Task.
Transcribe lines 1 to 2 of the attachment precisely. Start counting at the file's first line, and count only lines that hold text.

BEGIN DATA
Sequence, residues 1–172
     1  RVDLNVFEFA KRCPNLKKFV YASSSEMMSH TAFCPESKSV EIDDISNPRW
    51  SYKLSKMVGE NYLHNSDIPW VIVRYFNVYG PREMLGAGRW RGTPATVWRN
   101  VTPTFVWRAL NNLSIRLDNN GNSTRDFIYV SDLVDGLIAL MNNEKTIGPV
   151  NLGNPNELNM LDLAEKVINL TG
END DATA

Sequence, residues 1–172
     1  RVDLNVFEFA KRCPNLKKFV YASSSEMMSH TAFCPESKSV EIDDISNPRW